|Publication number||US6381787 B1|
|Application number||US 09/500,736|
|Publication date||May 7, 2002|
|Filing date||Feb 9, 2000|
|Priority date||Feb 9, 2000|
|Publication number||09500736, 500736, US 6381787 B1, US 6381787B1, US-B1-6381787, US6381787 B1, US6381787B1|
|Inventors||Mary S. Rogone, Philip N. Rogone|
|Original Assignee||Small Beginnings, Inc.|
|Export Citation||BiBTeX, EndNote, RefMan|
|Patent Citations (33), Referenced by (37), Classifications (16), Legal Events (8)|
|External Links: USPTO, USPTO Assignment, Espacenet|
1. Field of the Invention
The present invention relates generally to devices and methods for supporting infants and, in particular, to devices and methods for positioning infants which avoids undesired tactile stimulation of the infant.
2. Description of Related Art
The sense of touch in a human being is highly developed in utero. Therefore, even the very immature preterm neonate has an acute tactile sensitivity. Tactile stimulation (i.e. human touch) of a neonate can both arouse and soothe. In most cases, preterm neonates thrive from tactile stimulation. However, in some instances, tactile stimulation of a neonate, especially an ill preterm neonate, may result in significant physiological consequences. For example, a physiologically stable preterm neonate, when subjected to human touch, may be benefited with increased activity, a faster regaining of birth weight, less crying, and better socialization with parents and caregivers. However, in a physiologically unstable neonate, the benefits of touch may be outweighed by detrimental consequences, which may include blood pressure changes, alterations in cerebral blood flow, hypoxia as well as other stress behaviors. Premature neonates who exhibit such symptoms when touched are usually referred to as “negative touch” or minimum stimulation patients.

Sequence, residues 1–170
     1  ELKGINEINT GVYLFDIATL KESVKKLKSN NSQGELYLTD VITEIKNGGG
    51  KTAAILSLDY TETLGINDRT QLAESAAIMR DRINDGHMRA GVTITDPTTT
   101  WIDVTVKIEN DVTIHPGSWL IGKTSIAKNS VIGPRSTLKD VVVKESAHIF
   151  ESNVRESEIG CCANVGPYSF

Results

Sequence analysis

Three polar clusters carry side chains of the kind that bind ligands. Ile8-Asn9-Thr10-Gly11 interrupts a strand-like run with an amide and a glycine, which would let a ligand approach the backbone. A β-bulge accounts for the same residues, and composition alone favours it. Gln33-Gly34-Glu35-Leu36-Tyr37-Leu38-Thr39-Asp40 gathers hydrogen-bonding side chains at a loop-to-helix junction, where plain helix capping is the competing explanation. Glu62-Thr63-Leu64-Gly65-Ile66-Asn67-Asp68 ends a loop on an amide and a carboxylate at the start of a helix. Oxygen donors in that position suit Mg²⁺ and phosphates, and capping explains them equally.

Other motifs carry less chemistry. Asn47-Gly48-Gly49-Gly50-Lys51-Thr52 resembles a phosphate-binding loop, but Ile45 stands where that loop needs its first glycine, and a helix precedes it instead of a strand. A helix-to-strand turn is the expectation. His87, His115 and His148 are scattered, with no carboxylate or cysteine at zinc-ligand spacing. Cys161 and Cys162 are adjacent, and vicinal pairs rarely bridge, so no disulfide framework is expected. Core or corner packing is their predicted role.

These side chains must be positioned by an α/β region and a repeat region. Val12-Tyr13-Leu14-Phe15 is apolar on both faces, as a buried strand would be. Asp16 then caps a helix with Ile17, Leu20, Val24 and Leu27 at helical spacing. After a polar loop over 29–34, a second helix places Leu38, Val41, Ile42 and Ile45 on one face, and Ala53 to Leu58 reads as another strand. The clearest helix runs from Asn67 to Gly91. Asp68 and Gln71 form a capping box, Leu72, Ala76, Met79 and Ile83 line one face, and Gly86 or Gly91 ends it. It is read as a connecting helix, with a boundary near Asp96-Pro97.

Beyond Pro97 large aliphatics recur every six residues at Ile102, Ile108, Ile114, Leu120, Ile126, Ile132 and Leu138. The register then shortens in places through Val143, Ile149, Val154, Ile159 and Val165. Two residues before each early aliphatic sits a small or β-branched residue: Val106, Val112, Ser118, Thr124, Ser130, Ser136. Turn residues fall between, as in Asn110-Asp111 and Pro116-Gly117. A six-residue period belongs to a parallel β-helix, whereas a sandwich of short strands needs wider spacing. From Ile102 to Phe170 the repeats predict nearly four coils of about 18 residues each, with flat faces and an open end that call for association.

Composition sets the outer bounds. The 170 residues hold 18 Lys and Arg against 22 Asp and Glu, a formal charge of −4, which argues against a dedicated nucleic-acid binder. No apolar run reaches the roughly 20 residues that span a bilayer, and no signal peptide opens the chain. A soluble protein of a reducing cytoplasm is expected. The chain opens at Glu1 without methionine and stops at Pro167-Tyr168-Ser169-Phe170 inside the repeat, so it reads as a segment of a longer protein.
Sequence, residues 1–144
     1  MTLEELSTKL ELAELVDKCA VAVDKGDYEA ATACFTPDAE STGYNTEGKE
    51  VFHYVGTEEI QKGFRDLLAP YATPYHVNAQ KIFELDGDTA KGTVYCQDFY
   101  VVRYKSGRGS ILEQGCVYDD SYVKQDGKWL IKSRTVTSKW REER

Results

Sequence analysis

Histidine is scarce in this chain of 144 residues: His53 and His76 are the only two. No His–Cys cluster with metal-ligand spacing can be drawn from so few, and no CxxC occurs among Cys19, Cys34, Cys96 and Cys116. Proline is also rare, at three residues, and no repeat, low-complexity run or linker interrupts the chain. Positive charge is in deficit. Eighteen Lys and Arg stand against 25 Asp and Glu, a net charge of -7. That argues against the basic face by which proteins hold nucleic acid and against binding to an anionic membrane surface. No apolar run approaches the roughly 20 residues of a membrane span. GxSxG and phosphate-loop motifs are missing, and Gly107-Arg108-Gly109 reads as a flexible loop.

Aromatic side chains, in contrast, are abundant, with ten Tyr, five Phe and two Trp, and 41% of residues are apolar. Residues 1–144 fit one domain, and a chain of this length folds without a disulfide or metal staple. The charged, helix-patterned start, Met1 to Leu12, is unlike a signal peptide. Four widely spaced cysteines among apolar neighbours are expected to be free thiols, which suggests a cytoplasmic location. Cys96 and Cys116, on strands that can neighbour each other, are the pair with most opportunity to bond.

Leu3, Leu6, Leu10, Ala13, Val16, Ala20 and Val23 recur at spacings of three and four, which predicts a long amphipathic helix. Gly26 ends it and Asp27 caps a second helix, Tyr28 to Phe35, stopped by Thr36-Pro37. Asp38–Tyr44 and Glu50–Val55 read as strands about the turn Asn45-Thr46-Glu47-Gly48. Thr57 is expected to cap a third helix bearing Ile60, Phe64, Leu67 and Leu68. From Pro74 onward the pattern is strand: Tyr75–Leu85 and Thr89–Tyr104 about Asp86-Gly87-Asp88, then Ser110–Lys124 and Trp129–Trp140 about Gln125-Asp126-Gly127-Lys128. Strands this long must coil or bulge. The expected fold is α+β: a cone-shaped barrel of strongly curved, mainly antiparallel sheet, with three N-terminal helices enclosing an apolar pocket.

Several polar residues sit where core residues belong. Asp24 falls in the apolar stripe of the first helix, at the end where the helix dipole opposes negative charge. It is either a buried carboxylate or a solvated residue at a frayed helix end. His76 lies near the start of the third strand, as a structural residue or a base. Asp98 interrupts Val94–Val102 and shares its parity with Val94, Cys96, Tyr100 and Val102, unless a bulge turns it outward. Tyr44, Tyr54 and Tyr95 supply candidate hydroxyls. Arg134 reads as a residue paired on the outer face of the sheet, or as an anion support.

In some cases, excessive tactile stimulation, which is continuously repeated, may cause the neonate to develop a touch aversion—an association of human touch with pain or extreme discomfort. Preterm neonates that have developed an aversion to touch typically cry uncontrollably, squirm away, flail arms and legs, and recoil when touched. To avoid these consequences, preterm neonates that exhibit symptoms of touch aversion or are negative touch should receive care that includes tactile interventions, such as minimal handling and body containment.
One particular aspect in the care of preterm neonates that generally requires lots of touching and handling is that of positioning. The benefit of adequate and supportive body positioning for preterm and full term neonates is well known. For example, proper positioning of the preterm neonate has been shown in some studies to greatly reduce the long-term affects of prematurity. Moreover, proper positioning increases feelings of security, promotes quieting and self-control, enhances psychological stability, promotes energy conservation, reduces psychological and behavioral stress, and enables stress to be better endured. Also, the preterm neonate should be provided with a variety of positions to prevent the negative consequences of, for example, joint stretching and/or to promote and facilitate the development of muscle tone. These positions may generally range between and include a prone, a supine, and a side-lying position. It has also been shown that preterm neonates thrive when positioned to achieve full body containment, known as “nesting.”
Most neonate body positioning is accomplished in a make-shift manner that usually requires touching of the neonate. Unfortunately, for preterm neonates who suffer from symptoms related to negative touch or touch aversion, make-shift manners for providing positioning intervention may create a high degree of tactile stimulation caused by human touch. The excessive handling may counter any benefit derived from the positioning intervention.
For these reasons, what is needed is an infant positioning device which provides adequate support for an infant, including a preterm infant. The device should also provide a caregiver an ability for moving an infant between and including a supine, prone, or side-lying position, with little or no tactile stimulation for the infant caused by direct human touch.
In the present invention an infant positioning device provides support to an infant. The present invention further provides the caregiver the ability to move the infant between and including a supine, a prone, or a side-lying position, with minimal or no tactile stimulation of the infant caused by direct human touch.